Handling JSON Arrays in Java

Mohd Mohtashim Nawaz Mar 29, 2022 Feb 07, 2022
  1. Handling JSON Arrays in Java
  2. JSON Objects and JSON Arrays in Java
  3. Use Java’s Built-in Libraries to Read a JSON Array in Java
  4. Conclusion
Handling JSON Arrays in Java

JSON is a popular and widely used data-interchange format among developers and organizations. The term JSON stands for JavaScript Object Notation.

It is a lightweight, readable, and text-based framework specially designed to facilitate data exchange in the human-readable format. JSON is an open standard format that means it can be used anywhere without special requirements.

Moreover, JSON is supported by most programming languages. You might have come across JSON if you ever worked as a project developer that requires data interchange.

For example, we often use JSON Objects to transfer data from a server to a mobile application and vice versa. This article will understand JSON basics, such as the structure of JSON, data types, JSON Objects, JSON Arrays, etc.

We will also understand how to work with JSON in Java. In the end, this article provides an example code to handle JSON in Java.

Handling JSON Arrays in Java

JSON is a very flexible and lightweight information-sharing framework where we use objects and datatypes to create and share information.

In JSON, data is represented as key-value pairs where the key is specifically a string, while the value can be any data type supported by JSON.

JSON supports the following data types.

  1. String
  2. Number
  3. Boolean
  4. Null

In addition to these basic JSON data types, we can also use JSON Arrays and JSON Objects as the value in a key-value pair.

Further, in the article, we will study more about arrays and objects. But before that, let’s look at the features of JSON.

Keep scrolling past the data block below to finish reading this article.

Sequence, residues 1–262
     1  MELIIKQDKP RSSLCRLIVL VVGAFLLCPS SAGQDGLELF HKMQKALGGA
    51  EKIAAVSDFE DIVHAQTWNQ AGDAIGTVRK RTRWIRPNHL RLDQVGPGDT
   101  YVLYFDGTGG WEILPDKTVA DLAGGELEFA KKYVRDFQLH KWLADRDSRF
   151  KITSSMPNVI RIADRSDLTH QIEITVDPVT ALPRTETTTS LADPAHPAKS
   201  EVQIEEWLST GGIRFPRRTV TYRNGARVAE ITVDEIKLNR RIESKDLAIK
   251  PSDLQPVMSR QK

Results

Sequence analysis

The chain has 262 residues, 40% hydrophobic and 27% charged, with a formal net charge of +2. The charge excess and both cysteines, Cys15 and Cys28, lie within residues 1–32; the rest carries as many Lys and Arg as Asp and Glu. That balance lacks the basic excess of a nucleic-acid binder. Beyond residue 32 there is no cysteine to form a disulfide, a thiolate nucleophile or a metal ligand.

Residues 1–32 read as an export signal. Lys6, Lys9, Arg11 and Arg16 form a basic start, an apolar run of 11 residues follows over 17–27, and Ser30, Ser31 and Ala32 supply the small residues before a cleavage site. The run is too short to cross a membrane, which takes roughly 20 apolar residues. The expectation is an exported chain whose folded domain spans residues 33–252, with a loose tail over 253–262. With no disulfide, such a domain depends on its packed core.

Some of the outstanding features of JSON are as follows.

  1. JSON is very simple. You don’t have to put any extra effort to understand and use JSON.
  2. JSON is easily understandable and self-describing. By looking at a JSON object, you can easily comprehend what it is intended to convey.
  3. JSON is language independent. This feature has proved to be a major factor in the wide acceptance of JSON. We can work with JSON in almost every language with the help of libraries and simple codes.
  4. JSON is faster than XML. It is yet another reason for using it widely.

JSON Objects and JSON Arrays in Java

Before we learn to use JSON objects and arrays in Java, we shall understand the JSON objects and JSON arrays.

JSON objects are very similar to the dictionary data type, where the data is stored as key-value pairs. The key in this key-value pair should be a string, while the value can be an object, an array, or any other supported datatype.

We must separate a key and a value by a colon : and each key-value pair by a comma ,. A JSON object is represented by using curly brackets {}.

We can make arbitrarily complex JSON objects by nesting objects and arrays into our JSON objects. It is called a hierarchical JSON object.

Here’s an example of a JSON object representing a student’s details.

{"name": "Roger", "Roll": 22, "Class": "XI"}

Note that we have quoted the string values with double-converted commas, while numbers do not need to be quoted.

We have just discussed JSON objects that are similar to a dictionary. On the other hand, JSON arrays are similar to lists.

We enclose objects in square brackets [] in a list. A JSON array can contain any supported data type, including another array or a JSON object.

Here is an example of a JSON array.

[1, "abc", {"name":"xyz"}]

Note that the JSON array above contains a number, a string, and an object. It means we can store different data types in an array.

Use Java’s Built-in Libraries to Read a JSON Array in Java

Java is a powerful language with a large number of libraries. Luckily, we have built-in libraries to read JSON objects and arrays in Java.

Such libraries facilitate our work and make it simple to parse and read JSON objects and arrays. Further in this article, we will learn to use such libraries in code to read the JSON object and JSON array in Java.

Before proceeding to the code, we create a JSON object and store it in a file. Note that a JSON file has the extension .json.

So if you want to test and execute the code, copy and paste the following JSON code and save the file with the .json extension at any desired location. The JSON code is given below.

	"roll": 24,